Announcements

    Drinks

      Case for cross-border consolidation remains weak; but domestic deals in Europe have potential
      MONDAY, 03/06/2024 - Scope Ratings GmbH
      Download PDF

      Case for cross-border consolidation remains weak; but domestic deals in Europe have potential

      This year has seen a rise in large bank M&A, reigniting speculation that a wave of consolidation may be imminent. The case for large cross-border mergers remains weak but there is potential for domestic activity in Italy, Spain, Germany and the UK.

      “The economics of international bank M&A continue to be challenging. Cost synergies are much more limited given the lack of overlapping distribution networks, and the potential for regulatory ring-fencing limits funding cost synergies,” said Marco Troiano, head of financial institutions. “Also, the European Banking Union remains incomplete, which restricts the fungibility of capital and liquidity across borders.”

      Troiano believes, though, that there is still room for domestic consolidation. “Domestic deals hold greater potential for value creation thanks to cost synergies both in physical distribution and in overlapping centralized functions. Revenue synergies are also achievable as domestic deals come with improved market and pricing power on top of cross-selling opportunities, while funding synergies are not hindered by jurisdictional ringfencing,” he said.

      Domestic deals also tend to carry fewer integration risks than cross border deals, thanks to a closer cultural alignment between merging entities, greater knowledge of the market and lower risk of political interference.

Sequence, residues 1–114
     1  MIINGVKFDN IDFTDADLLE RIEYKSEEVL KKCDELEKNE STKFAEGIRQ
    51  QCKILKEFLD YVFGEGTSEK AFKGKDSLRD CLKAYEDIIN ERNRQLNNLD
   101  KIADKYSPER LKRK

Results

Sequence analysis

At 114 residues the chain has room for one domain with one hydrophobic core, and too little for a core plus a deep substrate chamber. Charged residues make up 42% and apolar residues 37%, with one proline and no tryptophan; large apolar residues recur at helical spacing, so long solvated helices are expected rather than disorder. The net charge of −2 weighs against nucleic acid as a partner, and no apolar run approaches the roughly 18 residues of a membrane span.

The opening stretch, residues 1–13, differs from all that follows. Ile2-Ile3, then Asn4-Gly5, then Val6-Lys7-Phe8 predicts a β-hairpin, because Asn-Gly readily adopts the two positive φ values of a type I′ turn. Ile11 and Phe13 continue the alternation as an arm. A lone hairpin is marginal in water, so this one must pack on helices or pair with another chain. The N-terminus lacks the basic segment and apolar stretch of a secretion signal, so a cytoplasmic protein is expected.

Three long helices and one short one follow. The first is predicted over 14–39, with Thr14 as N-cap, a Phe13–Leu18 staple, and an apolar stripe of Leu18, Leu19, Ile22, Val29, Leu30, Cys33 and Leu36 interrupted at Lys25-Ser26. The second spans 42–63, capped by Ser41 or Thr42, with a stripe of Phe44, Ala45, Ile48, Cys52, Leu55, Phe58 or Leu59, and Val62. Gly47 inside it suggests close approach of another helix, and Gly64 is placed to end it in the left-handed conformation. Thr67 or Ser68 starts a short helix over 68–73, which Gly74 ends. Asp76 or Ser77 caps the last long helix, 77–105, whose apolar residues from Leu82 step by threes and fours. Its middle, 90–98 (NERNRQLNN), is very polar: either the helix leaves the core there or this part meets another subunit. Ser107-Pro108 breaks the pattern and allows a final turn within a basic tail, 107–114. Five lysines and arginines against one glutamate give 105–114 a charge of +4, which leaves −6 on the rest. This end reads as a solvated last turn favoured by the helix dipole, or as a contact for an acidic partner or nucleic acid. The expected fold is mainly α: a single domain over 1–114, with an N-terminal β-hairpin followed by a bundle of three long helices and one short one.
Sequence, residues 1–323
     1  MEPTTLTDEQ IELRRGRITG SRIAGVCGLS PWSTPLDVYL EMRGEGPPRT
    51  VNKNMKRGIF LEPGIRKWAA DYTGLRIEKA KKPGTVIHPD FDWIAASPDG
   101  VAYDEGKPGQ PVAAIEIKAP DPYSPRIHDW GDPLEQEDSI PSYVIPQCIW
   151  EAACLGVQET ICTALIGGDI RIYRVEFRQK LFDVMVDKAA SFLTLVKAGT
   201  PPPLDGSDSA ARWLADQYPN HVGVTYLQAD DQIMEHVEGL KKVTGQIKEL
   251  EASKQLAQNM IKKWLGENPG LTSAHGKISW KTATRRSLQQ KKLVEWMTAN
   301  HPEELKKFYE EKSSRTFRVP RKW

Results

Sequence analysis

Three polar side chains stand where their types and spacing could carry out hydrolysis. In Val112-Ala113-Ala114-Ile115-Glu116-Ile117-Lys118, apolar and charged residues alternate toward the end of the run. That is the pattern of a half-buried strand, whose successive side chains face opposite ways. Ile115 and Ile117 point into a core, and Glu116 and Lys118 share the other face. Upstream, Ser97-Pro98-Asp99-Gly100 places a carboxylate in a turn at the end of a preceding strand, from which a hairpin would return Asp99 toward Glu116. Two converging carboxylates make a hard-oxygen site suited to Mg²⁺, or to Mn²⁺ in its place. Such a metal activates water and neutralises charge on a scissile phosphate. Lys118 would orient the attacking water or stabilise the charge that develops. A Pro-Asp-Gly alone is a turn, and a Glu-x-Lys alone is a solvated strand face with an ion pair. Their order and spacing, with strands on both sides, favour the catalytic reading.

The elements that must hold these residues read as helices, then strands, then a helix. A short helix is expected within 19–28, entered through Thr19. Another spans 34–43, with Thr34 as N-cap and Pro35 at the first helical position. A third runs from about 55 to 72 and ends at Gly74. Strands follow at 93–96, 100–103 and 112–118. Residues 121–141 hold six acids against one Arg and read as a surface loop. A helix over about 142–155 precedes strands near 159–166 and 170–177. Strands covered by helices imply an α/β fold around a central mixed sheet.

The French market is already at an advanced state of consolidation, with six large banking groups dominating the retail market. Any deal between them is unlikely given complex governance arrangements, so French banks have been looking for growth opportunities outside of France and are among the most diversified in Continental Europe. Their recent activity points to well thought-out bolt-on deals in markets in which they are already present, such as Italy, rather than aggressive entries into new markets.

      The UK banking sector is moderately concentrated but not to the extent that it excludes further consolidation. “Bolt-on domestic deals are still possible for the top five banks if they present strong industrial and financial rationales. We also believe deals are possible between building societies and within the space occupied by challenger banks and fintechs,” Troiano said. Recent activity points to the larger building societies having an appetite to increase their scale.

      In Spain, BBVA’s bid for Banco de Sabadell is testament to the attractiveness of the Spanish market, which with its consolidated structure, largely retail customer bases and the country’s strong economic performance, which offers potential for sustainably high returns. Beyond BBVA-Sabadell, room for further transformational deals is limited, as the sector is barbelled, with mega banks at one end (Santander, BBVA, CaixaBank) and regional institutions at the other.